News Ticker

REVIEW: The Wizard by Gene Wolfe

REVIEW SUMMARY: Gene Wolfe continues the fantasy saga he began with The Knight and delivers more of the same.


BRIEF SYNOPSIS: Sir Able, now a man, continues to fight on the behalf of his adopted kingdom finding himself at odds with very unfantasy-like barbarians, dragons, and gods.


PROS: Unique, rich, fantasy setting. Fantastic language, solid engaging plot. Ending extremely well done.

CONS: Novel is a bit disjoint at the beginning as the narrative moves to third-person.

BOTTOM LINE: If you enjoyed The Knight you’ll find The Wizard well worth your reading time.

IN DEPTH: I thoroughly enjoyed this book, although I didn’t find it to be quite as well done as the first on the series. All told though, you could certainly do a lot worse than read this book.

The beginning is a little odd as the narrative moves from first person to accounts of a third party being retold by the first person. This is a bit hard to follow and seems a bit awkward. Knowing how good Wolfe is with the language in general, I tend to fault myself here more than him, but none the less it did distract me from enjoying the work as well as I hoped. Since I read these sections on a plane immediately after finishing the The Knight I can’t claim it had to do with reading environment except perhaps I had gotten tired.

Throughout the series Wolfe explores Sir Able’s sense of honor. This must have been fun to write – looking at every situation purely from the perspective of an individual who views himself as a man of honor and tries to exemplify it. I found myself often extremely interested in what he would say, no only to advance the story, but also to see how the character would react to ethically challenging situations.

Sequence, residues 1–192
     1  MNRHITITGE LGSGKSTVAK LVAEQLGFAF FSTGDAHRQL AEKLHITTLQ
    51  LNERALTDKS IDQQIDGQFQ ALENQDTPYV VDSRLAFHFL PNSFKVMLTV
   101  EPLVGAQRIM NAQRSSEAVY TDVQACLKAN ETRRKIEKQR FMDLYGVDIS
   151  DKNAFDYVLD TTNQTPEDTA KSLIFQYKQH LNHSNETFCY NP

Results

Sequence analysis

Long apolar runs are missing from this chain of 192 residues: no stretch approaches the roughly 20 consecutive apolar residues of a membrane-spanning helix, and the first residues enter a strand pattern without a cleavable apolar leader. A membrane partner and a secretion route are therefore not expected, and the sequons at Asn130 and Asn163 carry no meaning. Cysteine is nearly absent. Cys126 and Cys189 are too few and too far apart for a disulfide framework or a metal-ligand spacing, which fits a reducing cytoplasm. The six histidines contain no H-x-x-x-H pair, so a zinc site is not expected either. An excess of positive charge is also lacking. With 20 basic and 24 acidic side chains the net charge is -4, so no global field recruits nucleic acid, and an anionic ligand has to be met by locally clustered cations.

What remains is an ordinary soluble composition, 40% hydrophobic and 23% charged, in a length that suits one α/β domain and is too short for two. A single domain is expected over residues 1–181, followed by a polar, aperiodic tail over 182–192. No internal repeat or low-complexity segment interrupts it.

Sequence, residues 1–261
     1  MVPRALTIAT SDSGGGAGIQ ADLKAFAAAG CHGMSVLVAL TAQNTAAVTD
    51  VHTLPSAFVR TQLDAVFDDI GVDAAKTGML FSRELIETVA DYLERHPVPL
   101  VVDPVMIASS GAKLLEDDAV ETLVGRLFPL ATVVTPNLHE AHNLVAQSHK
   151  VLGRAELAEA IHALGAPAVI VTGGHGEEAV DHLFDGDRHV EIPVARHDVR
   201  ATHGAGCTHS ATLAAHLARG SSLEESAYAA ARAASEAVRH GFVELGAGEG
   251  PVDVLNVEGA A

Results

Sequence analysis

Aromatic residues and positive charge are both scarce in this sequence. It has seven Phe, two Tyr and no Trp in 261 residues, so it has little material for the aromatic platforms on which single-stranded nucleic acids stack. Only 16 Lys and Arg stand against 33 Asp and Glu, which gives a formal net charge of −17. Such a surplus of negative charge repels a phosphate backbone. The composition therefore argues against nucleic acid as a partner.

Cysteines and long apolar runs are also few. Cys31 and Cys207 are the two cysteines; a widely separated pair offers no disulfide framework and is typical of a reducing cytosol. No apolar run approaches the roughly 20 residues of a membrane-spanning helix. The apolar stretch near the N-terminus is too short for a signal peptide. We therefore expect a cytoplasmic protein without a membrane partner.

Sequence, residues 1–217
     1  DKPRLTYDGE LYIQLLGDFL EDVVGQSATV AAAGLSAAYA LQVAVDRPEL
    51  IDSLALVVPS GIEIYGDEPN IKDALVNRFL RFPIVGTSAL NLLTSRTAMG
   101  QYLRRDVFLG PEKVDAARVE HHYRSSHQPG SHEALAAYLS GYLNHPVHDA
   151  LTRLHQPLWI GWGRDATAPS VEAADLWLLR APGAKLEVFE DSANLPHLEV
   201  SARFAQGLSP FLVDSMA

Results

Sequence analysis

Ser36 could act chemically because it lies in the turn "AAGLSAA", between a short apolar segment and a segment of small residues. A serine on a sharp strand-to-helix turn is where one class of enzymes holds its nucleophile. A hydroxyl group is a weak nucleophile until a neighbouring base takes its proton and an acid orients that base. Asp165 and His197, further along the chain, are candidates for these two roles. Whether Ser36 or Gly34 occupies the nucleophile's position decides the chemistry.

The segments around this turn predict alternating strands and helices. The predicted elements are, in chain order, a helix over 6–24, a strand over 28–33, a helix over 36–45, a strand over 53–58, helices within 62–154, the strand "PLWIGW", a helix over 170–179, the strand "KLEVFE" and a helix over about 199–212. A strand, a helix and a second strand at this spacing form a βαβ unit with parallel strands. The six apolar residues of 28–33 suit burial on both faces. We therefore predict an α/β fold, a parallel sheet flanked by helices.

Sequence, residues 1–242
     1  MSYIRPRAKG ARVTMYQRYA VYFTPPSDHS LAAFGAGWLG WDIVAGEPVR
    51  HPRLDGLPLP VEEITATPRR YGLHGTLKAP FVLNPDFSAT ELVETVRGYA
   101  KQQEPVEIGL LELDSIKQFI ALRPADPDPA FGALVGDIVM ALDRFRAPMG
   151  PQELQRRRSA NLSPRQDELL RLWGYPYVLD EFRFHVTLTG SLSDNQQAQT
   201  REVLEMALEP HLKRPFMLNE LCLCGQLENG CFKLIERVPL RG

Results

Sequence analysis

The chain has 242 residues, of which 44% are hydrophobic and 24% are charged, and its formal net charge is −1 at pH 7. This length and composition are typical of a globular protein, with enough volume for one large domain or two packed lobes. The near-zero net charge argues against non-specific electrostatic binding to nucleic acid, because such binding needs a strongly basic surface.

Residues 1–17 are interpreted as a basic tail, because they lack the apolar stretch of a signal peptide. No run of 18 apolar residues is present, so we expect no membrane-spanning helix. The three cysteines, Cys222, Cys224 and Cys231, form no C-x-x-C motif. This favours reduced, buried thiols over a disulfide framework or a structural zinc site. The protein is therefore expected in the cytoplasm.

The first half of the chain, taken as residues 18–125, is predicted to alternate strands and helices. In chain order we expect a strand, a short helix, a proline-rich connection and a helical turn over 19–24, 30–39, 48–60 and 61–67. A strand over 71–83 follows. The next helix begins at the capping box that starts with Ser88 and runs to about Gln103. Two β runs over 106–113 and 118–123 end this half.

In any event, the story otherwise is handled very well and I can’t say enough at how satisfying the ending was for me. I can’t give even a hint of it away, but suffice to say that the story ended exactly when it should have.

6 Comments on REVIEW: The Wizard by Gene Wolfe

  1. I agree that the switch to the third person was awkwardly handled and distracting. Contrast it, for example, with the switch to another narrator in the last chapter of SOLDIER OF ARETE, where Wolfe, using his normal masterful touch, changes the language and rhythm of the writing to match the point of view of the new narrator. Nothing clever like that was done here.

  2. I was sorry not to finish this pair this year (so I’ll tackle it next year). What I did read of it was excellent.

    BTW, rumor control says that there will another “Soldier” book!

  3. Fred – there’s a note in the December Locus that Soldier of Sidon, the 3rd and *not* last book in the Latro series, has been acquired by Tor.

  4. OK, someone at Locus seriously needs to see that my issues get to me faster. I tremendously enjoy the magazine, but being scooped on your own blog is embarrassing. |-)

  5. Just remember that Locus once called one of the New Sun books “The Castle of the Otter”. Wolfe, to his credit, eventually did write a book associated with the series by that name. Plans of authors and publishers change, sometimes dramatically. See the entry in my website called “The Missing Are Deadly” from 11/23/05:

  6. I can confirm the rumor. I spoke to Gene Wolfe at World Fantasy Con, and he said he’d delivered his manuscript for SOLDIER OF SIDON to Tor Books. He had to recreate the plot from memory, since he’d lost his original notes from a decade or two ago. Mr. Wolfe had a twinkle in his eye when he mentioned the odd Egyptian gods Latro will see.

Comments are closed.

%d bloggers like this: